Sometimes you have experiences that shake the foundation of your beliefs. For the person of faith, it’s that there is no benevolent god, that the world is a floating orb of cruelty and chaos. For the unbeliever, it’s that there is a vengeful deity who is carrying one hell of a grudge. I had one of those moments while watching A Haunted House 2, the latest Marlon Wayans-led spoof in the tradition of Scary Movie. An ugly, hateful film. One of the most unpleasant movie experiences I’ve had in my life.
I hope you can forgive me, but I missed the first A Haunted House film. The sequel picks up after the events of the first film. Malcom (Wayans) is in the backseat with his possessed girlfriend Kisha (Essence Atkins) while his cousin Ray Ray (Affion Crockett) drives and advocates pistol whipping the possessed. The car crashes and the film jumps forward a year. Malcom has just married Megan (Jaime Pressly), and they’re moving into a new house with her two children Becky (Ashley Rickards) and Wyatt (Steele Stebbins). Wyatt has an invisible friend, Tony, that speaks in an urban vernacular and Becky is angst-riddled teen, who we’re repeatedly reminded is a slut and/or whore. After having a prolonged and increasingly explicit sex scene with Megan’s creepy doll named Abigail, the doll begins haunting Malcom with all the fury of scored ex-lover. Soon, Becky is possessed by some demonic force, and Malcom recruits the help of his gardener neighbor, Miguel (Gabriel Iglesias), a gun-toting priest, Father Williams (Cedric the Entertainer), and a husband and wife team of paranormal investigators, Noreen (Missi Pyle) and Ned (Hayes MacArthur).
There aren’t really jokes in A Haunted House 2, more like a collection of random pop culture references, digressions about sex, and Marlon Wayans screaming. As producer, co-writer, and star of this monstrosity, Wayans occupies nearly every second of screen time, which, again, is mostly Marlon Wayans screaming. This film is so inept at comedy that it can’t properly make fun of the found footage angle, a genre that is often bordering on self-parody. But director Michael Tiddes doesn’t try to parody the styles of the source material. This is the type of comedy where mentioning the title of pop culture entity, like when a professor who is cooking meth says, “I have to get my Breaking Bad on.”
Though wholly incompetent in comedy, the film’s dark view of women is most distracting. The women in this film occupy two distinct roles – crazy sex fiend or crazy, wildly emotional nag. One particularly disturbing sequence, for all the wrong reasons, has Becky, the teenage daughter, staring in the mirror, the demonic possession slowly taking hold. She looks down her throat, her step-father behind her, when a penis pops out of her throat. She’s a slut, remember? In case you forgot, there’s a scene where her younger brother reads her diary aloud, for some reason, where she explains her love for performing fellatio. This sequence is watched from a distance by her step-father who has the house rigged with cameras. Throughout the film’s 80-plus minute running time, the film reinforces that women are sluts or nags. Over and over and over. Wayans and company are no better in terms of racial humor. A Haunted House 2 handles its racial and gender issues with the wit of a drunken hobo at a bus stop.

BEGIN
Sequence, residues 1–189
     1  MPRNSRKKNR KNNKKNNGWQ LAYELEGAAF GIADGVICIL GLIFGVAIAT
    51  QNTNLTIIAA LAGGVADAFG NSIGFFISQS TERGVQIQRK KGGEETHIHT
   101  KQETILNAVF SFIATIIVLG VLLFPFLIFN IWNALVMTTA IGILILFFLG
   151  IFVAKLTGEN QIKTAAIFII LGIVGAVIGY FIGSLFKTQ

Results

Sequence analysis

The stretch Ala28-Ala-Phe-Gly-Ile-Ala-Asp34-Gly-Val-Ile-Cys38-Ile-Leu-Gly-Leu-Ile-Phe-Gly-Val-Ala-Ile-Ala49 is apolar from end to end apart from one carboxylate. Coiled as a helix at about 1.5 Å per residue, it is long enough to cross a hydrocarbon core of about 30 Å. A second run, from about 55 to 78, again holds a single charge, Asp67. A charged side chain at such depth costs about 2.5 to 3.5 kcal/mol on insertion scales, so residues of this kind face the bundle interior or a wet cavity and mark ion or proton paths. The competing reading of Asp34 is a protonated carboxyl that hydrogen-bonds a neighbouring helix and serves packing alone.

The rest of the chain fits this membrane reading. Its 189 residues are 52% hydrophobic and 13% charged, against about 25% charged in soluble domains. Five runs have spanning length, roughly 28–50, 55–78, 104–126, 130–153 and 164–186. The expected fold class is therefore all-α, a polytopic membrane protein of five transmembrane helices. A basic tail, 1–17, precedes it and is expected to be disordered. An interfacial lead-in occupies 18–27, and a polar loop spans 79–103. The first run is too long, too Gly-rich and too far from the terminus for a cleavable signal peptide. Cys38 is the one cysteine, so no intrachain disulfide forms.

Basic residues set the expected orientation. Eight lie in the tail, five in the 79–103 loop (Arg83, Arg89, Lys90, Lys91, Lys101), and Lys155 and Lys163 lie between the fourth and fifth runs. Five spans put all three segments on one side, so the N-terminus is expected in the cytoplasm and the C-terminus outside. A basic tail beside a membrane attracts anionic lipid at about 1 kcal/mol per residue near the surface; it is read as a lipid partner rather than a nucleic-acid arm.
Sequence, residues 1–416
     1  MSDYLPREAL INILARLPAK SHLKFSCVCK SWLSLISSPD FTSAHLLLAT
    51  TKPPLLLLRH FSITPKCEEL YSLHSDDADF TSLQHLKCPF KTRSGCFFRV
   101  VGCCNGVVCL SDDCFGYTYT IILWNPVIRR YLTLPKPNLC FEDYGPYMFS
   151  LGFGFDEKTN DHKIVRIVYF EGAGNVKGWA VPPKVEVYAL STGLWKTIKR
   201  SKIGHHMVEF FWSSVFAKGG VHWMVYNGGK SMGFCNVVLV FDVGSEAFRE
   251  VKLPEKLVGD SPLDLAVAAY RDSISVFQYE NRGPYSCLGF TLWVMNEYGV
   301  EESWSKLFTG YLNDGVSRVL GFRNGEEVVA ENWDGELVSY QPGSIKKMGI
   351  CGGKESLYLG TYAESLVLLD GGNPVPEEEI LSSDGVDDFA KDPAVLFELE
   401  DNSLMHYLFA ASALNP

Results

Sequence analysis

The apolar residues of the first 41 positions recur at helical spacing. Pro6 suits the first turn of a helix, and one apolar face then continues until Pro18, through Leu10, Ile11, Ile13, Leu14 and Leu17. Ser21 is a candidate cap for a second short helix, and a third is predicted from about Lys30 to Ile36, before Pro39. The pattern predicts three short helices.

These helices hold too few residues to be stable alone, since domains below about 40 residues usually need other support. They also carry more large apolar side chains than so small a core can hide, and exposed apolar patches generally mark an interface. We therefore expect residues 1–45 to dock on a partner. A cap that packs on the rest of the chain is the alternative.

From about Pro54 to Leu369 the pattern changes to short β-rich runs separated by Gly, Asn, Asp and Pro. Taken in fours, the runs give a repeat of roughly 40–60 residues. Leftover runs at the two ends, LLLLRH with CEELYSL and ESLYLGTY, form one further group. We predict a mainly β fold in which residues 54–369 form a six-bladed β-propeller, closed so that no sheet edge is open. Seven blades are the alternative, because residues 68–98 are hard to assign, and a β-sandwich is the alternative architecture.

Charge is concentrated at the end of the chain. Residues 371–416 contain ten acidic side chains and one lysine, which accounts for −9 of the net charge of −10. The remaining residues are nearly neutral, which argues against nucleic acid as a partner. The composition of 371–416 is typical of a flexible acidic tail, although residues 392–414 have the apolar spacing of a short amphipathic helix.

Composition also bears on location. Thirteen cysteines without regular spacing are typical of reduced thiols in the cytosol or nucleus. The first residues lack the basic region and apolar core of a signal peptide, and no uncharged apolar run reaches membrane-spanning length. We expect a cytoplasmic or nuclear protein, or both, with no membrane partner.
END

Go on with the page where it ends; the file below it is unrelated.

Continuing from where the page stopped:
Special features on the blu-ray include deleted and extended scenes, because after watching this one you’re just dying to see what they left out. There’s also an audio commentary with Wayans, co-writer Rick Alvarez, and director Michael Tiddes. Through the audio commentary you can hear such charming anecdotes, like when Marlon Wayans fought off an erection during a sex scene by saying to himself, “Jaime has a dick. Jaime has a dick.” In the commentary they casually tell you which individual film they’re ripping off. With the same casual demeanor, Wayans verbally affirms what the film blatantly suggests – he doesn’t “give a fuck.”
As ugly as its contents are, it’s hard to fault a studio for funding this dreck. It’s a lowbrow, low-budget affair that’ll make a profit with a few half-filled showings in Parma, Ohio. This film is mostly an indictment on the comedic sensibilities of Marlon Wayans, who seems to lazily vent his frustrations by hate-fucking a doll and screaming for 80 minutes. A regressive work with a reductive style, A Haunted House 2 is just another entry in the current era of the laughless, lazy spoof.